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Chateau Olivier 2014

Bordeaux Red Blends from Pessac-Leognan, Bordeaux, France
  • WE95
  • WS93
  • D92
  • JS91
  • RP91
0% ABV
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  • WS92
  • D92
  • JS91
  • WE96
  • D94
  • WS93
  • RP93
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  • JS93
  • D93
  • WE93
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  • RP91
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  • WS88
  • W&S92
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Winemaker Notes

This wine very elegant blackish colour boasts all the characteristics of a great vintage. The bouquet is appealing. On the palate the explosion of strawberry, blackberry and raspberry flavors combines with light, pleasantly silky tannins. The overall impression is smooth and fruity. The finesse of the cabernets and the roundness of the merlots once again turn out to be perfectly complementary. This is a great, racy wine, a perfect expression of its deep-gravel terroir and a wine that offers a new dimension.

Critical Acclaim

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WE 95
Wine Enthusiast
The wine shows the success of white wines in the 2014 vintage. Initially it has lively acidity and a crisp texture. Then the palate fills out with complex citrus, pineapple and apricot flavors. The aftertaste—juicy and tangy—is already delicious. Drink from 2021.
Cellar Selection
WS 93
Wine Spectator
Pure, with elegant red currant and raspberry fruit, carried by long, fine, focused iron notes. A pretty wine that should develop nicely.
Barrel Sample: 90-93
D 92
Decanter
Dark pepper spices on the attack and a real grip through the length of the wine. 2014 is the first year that Petit Verdot is included in the blend of the first wine and it has translated into an undertone of urgency and subdued power. In general there is a lot of vineyard restructuring happening here from owner Alexandre de Bertmann and technical director Laurent Lebrun, an estate on the ascendancy. Lovely lift on the finish, one of the wines where the ageing potential in this vintage is clear. Very promising.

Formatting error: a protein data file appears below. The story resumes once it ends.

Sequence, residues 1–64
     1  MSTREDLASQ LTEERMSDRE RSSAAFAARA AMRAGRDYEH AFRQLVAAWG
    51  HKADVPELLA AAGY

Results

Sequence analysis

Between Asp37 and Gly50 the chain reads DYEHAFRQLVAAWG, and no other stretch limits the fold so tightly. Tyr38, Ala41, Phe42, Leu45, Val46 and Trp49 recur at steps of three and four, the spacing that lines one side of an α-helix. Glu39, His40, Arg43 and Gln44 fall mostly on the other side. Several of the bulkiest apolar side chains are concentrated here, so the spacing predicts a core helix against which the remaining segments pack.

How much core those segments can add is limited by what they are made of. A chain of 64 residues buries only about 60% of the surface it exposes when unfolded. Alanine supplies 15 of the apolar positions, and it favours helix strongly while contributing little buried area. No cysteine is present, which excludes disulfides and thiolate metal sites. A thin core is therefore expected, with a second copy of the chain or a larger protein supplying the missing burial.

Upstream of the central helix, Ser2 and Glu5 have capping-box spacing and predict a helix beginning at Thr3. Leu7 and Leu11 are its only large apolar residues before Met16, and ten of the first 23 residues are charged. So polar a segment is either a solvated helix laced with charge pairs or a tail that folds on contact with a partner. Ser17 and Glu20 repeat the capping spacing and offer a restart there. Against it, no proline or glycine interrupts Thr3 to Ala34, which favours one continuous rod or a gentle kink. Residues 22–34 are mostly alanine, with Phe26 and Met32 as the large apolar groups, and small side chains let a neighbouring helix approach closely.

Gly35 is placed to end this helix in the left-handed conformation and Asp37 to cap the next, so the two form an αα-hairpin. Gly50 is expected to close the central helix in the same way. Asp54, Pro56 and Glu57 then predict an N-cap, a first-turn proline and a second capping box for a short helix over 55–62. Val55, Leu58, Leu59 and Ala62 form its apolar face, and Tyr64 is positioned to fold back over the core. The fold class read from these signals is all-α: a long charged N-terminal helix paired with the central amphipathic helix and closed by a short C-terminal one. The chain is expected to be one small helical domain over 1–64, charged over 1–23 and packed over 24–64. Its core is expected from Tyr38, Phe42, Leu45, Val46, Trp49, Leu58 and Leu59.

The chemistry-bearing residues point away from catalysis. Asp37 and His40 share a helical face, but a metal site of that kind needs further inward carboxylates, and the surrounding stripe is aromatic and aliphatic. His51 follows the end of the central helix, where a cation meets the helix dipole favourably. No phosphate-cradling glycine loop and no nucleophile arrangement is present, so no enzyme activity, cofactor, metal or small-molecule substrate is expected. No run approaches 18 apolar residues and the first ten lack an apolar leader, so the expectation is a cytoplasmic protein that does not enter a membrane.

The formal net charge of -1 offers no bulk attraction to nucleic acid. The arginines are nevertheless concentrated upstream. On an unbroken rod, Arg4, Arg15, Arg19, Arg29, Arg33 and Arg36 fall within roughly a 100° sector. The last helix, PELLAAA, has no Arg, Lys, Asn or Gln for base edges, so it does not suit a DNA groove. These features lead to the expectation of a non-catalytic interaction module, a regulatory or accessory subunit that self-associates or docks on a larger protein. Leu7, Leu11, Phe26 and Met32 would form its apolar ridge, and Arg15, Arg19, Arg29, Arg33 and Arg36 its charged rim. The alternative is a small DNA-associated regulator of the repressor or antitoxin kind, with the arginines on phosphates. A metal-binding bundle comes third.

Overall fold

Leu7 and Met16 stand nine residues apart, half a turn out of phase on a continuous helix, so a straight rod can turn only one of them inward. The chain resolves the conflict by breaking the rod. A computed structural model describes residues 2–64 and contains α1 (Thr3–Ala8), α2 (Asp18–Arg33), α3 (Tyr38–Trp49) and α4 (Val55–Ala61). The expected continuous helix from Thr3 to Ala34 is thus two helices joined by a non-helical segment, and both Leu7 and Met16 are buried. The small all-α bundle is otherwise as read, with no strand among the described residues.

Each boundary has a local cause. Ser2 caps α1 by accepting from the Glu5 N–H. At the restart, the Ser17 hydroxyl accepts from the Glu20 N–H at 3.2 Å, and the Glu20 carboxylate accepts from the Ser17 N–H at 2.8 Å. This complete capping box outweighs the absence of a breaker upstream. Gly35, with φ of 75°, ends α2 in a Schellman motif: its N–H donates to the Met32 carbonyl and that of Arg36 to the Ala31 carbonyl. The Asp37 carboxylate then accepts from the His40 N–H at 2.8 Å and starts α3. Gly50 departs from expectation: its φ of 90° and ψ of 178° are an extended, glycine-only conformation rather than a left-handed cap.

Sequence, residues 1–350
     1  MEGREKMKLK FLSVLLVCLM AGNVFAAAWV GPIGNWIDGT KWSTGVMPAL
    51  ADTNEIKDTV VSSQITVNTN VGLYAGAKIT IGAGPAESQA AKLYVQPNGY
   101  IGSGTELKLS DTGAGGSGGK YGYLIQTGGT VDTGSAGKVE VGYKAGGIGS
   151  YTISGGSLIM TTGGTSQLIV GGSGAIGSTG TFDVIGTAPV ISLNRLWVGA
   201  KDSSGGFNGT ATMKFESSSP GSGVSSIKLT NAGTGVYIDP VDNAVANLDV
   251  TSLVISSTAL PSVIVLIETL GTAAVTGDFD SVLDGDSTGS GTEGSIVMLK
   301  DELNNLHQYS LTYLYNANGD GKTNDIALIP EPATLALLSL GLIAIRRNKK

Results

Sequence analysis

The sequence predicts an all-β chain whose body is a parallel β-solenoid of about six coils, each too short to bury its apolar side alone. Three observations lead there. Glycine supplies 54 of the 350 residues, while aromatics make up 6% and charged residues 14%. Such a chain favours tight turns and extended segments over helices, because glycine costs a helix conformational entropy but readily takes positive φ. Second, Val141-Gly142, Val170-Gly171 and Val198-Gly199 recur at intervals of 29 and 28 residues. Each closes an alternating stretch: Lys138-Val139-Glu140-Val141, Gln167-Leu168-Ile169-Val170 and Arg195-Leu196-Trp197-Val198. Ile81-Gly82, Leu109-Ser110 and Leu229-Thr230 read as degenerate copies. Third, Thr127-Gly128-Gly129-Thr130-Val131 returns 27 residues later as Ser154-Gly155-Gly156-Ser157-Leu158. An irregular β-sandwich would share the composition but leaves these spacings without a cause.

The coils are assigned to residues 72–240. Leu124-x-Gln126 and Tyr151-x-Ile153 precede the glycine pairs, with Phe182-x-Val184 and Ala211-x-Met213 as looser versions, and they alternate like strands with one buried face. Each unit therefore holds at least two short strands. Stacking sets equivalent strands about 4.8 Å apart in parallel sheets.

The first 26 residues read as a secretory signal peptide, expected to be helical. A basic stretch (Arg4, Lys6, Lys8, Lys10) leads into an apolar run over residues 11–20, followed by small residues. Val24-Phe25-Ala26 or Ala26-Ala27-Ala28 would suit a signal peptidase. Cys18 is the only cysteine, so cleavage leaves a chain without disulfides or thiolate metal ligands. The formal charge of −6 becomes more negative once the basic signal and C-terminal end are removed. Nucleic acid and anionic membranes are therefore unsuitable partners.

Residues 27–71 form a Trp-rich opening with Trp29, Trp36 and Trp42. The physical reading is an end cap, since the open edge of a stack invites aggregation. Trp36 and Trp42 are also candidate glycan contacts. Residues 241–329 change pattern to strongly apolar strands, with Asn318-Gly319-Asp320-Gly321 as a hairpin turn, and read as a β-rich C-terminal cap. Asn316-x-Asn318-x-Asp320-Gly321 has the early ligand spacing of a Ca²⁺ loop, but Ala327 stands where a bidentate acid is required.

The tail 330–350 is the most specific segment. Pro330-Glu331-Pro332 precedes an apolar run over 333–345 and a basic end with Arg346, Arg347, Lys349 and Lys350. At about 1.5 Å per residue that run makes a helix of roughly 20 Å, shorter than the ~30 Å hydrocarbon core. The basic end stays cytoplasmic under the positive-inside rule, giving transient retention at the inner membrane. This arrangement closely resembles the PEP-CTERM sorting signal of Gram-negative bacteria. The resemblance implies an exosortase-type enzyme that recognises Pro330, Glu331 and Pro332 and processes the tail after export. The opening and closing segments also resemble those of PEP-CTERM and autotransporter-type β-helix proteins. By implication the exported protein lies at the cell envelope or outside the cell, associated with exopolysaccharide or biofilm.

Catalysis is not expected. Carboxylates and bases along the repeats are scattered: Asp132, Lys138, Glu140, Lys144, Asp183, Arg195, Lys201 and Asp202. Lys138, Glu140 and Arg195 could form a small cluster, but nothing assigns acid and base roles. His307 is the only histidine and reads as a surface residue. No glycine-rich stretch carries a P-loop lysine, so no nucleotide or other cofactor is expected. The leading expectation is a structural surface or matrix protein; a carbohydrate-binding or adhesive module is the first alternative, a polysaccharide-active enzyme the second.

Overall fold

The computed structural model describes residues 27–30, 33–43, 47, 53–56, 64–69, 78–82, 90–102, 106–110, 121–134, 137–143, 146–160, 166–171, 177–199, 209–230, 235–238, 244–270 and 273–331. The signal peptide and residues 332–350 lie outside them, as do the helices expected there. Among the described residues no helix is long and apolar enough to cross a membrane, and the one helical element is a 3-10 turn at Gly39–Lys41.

JS 91
James Suckling
A fine and fruity wine with blueberry, mineral and slate character. Medium body, fine tannins and a fresh finish. Very refined.
Barrel Sample: 90-91
RP 91
Robert Parker's Wine Advocate
The 2014 Olivier was one of the very pleasant surprises, to wit, a vastly improved wine compared to its showing in barrel. It has a perfumed bouquet with fine purity, focused with mineral/cold stone scents filtering through the melange of red and black fruit. The palate is well balanced with supple tannin, a keen line of acidity and well-integrated oak. This displays more substance than recent vintages with a lovely allspice and cedar note towards the finish. I would give this a couple of years in bottle and then enjoy over the next 15-18 years. Tasted twice with consistent notes.
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Chateau Olivier

Chateau Olivier

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Chateau Olivier, Pessac-Leognan, Bordeaux, France
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The Seigniory of Olivier dates back to the 12th century. The Château is surrounded by moats and an immense forest, protecting the most extraordinary site in the Bordeaux wine region.

For years and years, Château Olivier has brought together the present and the past by making wines of great art in an estate that is the stuff of legends... Fashioned by the terroir in which they are rooted, shaped by all those who work the vines, the wines of Château Olivier are a magnificent expression of their appellation among the six Classified Growths of Graves in red and white. Skillfully perpetuating the history of the estate, the wine-growers of Olivier help give the wines they produce the same charm and authenticity as its surrounding walls which are nearly a thousand years old.